Typology as Prophecy (Fred Zaspel)
In the previous post we saw that typology entails a genuinely prospective element. That is, there is something about the “type,” even within the Old Testament itself, that anticipates a fuller realization elsewhere. In this post I would like to follow up on that just a bit and see how the New Testament treats types as prophetic, and even predictive in some sense.
Greg Beale and others have pointed out that there are, broadly, two forms of predictive prophecy in the Old Testament: direct verbal prediction, and indirect typological prediction.
That both of these may be described as “prophetic” and predictive in some sense is evident from the fact that in the New Testament both are said to find “fulfillment” in Jesus. In fact, the famous “fulfillment formulas” that introduce the fulfillment of a direct verbal prophecy are used equally in reference to the fulfillment of indirect typological prophecies also. Familiar expressions such as “in order that it may be fulfilled,” “as it is written,” “in order to fulfill this Scripture,” “thus it has been said,” and so on, may be used, as the selected passages from the Gospels below will quickly demonstrate.
Direct Verbal Prophecy
Indirect Typological Prophecy
|Mt.1:22? / Is.7:14||Mt.1:22? / Is.7:14|
|Mt.2:4-6 / Mic.5:2||Mt.2:15 / Hos.11:1|
|Mt.3:3 / Is.40:3||Mt.2:17-18 / Jer.31:15|
|Mt.4:12-16 / Is.9:1-2||Mt.13:35 / Ps.78:2|
|Mt.8:16-17 / Is.53:4||Mt.27:9 / Zech.11:12-13|
|Mt.12:17-21 / Is.42:1-3||Jn.13:18 / Ps.41:9|
|Mt.21:2-6 / Is.62:11, Zech.9:9||Jn.15:25 / Ps.35:19, 69:4|
|Lk.3:3-6 / Is.40:3-5||Jn.17:12|
|Lk.4:17-21 / Is.61:1-2||Jn.19:36 / Ex.12:46, Num.9:12|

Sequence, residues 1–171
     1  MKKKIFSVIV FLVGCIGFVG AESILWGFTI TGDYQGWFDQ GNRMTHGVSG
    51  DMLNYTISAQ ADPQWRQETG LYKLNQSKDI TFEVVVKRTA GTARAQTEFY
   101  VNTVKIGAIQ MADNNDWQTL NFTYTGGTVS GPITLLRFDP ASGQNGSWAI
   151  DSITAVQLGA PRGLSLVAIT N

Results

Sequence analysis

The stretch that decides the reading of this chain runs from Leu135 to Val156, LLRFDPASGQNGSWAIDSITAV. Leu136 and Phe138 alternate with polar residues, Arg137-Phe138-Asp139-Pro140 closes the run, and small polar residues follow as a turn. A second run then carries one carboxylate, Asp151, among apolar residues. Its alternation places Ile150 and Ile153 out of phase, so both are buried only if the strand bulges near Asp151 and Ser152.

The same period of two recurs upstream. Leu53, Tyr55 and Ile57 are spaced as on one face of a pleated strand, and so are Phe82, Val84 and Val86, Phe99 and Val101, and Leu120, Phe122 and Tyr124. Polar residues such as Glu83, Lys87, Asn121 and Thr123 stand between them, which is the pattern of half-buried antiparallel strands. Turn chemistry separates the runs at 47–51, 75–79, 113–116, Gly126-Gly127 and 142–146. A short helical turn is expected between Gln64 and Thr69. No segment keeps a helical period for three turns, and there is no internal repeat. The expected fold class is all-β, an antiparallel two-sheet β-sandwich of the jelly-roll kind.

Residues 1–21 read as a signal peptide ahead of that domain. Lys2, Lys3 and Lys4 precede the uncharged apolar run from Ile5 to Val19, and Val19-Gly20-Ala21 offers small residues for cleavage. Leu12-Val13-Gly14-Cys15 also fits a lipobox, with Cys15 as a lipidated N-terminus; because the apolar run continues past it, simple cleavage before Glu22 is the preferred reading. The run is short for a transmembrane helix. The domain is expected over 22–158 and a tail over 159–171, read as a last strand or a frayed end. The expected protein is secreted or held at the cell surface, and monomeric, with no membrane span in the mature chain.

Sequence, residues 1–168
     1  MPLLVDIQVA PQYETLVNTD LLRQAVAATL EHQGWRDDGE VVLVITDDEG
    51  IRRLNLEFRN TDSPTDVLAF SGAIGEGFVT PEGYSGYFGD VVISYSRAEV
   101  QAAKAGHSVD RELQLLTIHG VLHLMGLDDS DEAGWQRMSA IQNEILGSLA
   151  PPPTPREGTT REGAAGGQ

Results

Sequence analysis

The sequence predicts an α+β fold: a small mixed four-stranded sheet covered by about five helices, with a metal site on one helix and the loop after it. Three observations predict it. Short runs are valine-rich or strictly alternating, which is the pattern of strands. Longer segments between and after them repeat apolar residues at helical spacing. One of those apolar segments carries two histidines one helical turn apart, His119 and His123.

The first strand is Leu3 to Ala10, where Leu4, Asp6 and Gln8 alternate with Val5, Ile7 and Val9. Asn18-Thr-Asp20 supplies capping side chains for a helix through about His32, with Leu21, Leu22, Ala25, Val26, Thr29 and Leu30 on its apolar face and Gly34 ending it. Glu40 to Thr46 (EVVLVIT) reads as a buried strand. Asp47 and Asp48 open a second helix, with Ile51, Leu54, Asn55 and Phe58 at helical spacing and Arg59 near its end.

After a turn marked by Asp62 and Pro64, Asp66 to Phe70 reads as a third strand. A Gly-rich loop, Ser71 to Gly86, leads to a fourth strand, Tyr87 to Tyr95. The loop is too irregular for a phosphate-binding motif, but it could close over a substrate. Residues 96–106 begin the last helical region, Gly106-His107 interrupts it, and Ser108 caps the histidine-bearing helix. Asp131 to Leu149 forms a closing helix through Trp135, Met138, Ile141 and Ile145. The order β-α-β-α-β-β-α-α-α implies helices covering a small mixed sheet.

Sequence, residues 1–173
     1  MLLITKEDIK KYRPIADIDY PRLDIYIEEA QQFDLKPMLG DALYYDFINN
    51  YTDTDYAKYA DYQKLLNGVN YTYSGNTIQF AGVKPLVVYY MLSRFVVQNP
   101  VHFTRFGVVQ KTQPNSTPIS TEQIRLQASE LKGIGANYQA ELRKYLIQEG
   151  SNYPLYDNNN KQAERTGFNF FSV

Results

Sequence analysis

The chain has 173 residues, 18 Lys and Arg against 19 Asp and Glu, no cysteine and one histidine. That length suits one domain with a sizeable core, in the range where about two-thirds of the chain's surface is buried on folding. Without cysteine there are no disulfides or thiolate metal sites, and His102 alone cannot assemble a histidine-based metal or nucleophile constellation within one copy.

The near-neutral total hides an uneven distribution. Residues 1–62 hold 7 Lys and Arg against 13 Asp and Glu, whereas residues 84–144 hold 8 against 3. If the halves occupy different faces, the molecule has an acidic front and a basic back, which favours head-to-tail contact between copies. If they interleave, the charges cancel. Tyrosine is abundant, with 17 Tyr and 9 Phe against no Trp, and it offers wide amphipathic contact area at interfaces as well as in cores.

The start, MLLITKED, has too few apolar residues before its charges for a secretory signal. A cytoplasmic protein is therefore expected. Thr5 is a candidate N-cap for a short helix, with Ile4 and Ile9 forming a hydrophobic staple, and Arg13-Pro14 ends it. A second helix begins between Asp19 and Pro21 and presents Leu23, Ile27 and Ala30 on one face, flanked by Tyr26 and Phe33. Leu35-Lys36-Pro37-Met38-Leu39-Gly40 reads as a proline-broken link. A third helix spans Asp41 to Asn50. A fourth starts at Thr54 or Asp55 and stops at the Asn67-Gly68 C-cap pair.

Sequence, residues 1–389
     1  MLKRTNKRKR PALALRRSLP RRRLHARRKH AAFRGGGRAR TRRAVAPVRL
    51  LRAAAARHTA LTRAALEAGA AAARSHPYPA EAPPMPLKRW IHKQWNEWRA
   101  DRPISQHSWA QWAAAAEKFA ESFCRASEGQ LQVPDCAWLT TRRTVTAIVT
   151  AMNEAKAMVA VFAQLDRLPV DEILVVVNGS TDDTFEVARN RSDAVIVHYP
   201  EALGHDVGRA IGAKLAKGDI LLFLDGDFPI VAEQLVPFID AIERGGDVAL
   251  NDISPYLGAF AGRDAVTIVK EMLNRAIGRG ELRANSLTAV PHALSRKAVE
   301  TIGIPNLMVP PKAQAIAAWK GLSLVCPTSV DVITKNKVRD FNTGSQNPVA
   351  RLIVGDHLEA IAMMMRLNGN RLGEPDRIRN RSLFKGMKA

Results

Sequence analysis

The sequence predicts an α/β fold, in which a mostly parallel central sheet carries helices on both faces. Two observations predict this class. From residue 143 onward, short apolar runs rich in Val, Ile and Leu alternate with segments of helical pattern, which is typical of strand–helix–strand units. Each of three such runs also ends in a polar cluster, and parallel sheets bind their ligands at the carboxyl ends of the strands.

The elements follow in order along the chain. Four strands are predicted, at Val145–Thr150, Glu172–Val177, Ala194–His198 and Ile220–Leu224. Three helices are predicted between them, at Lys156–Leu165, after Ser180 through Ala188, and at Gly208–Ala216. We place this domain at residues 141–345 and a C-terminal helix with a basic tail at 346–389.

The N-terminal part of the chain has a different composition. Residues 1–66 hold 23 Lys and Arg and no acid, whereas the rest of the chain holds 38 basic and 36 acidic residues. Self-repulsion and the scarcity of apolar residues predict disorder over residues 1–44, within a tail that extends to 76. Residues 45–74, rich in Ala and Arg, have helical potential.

|Jn.12:37-38 / Is.53:1|
|Jn.19:37 / Zech.12:10|
Now clearly, the sense of “fulfill” can vary. It can connote “this happened just as the prophet explicitly said it would.” Or it can connote a broader pattern, a type, that finds its ultimate realization in Christ. That is, direct verbal prophecy or indirect typological prophecy. But in either case there is at least the broad idea of prediction and realization / fulfillment, as these “fulfillment formulas,” common to both, demonstrate. Underlying either use is a recognition of redemptive-historical movement — expectation, progress, and fulfillment. And underlying both is also the conviction that, at least in the mind of the divine Author, the passage had some kind of anticipatory function. The way the Old Testament anticipates Christ varies, but both categories are properly understood as prophetic, even predictive in some sense.
Underlying the biblical notion of typology, then, are a number of presuppositions. First, there is the understanding of the relation of the Old Testament to the New Testament as essentially that of promise and fulfillment. This is reflected in the larger framework of the Old Testament and its patterns, and it is one aspect of typology specifically. The broad narrative of the Old Testament is incomplete in that its story never reaches a climax or conclusion. There is a hope still in place that awaits Christ.
Second, there is a recognition of history as revelation, a conviction that God reveals himself and his purpose in words, yes, but also in historical events and actions.
Third, there is an understanding of history as prophecy, an understanding that God directed and arranged historical events, institutions, and persons in a way that was not just analogous to but inherently prospective of a greater reality yet to come. There was a conviction that the patterns of history were illustrative and forward-pointing, portraying ahead of time the way God would yet work in history.
Fourth, then, the sovereignty of God in history is also presupposed, an unshakable conviction that as Lord of history he was all along arranging and directing events and people with his own purpose and goal in mind, thus establishing a framework and declaring ahead of time what he would yet do.
Fifth, typology also presupposes that history is redemptive in purpose and in design, that God is working in history toward the goal of his gracious saving purpose that culminates in Christ.
Sixth, typology also presupposes the centrality of Christ in history and in revelation. In a sense, typology is christology, for it all — history and revelation — culminates in him (Eph. 1:10).
Fred Zaspel (Ph.D., Free University of Amsterdam) is pastor at the Reformed Baptist Church of Franconia, PA. He is also Professor of Systematic Theology at Calvary Baptist Seminary in Lansdale, PA. He is the author of The Theology of B.B. Warfield: A Systematic Summary and Warfield on the Christian Life: Living in Light of the Gospel.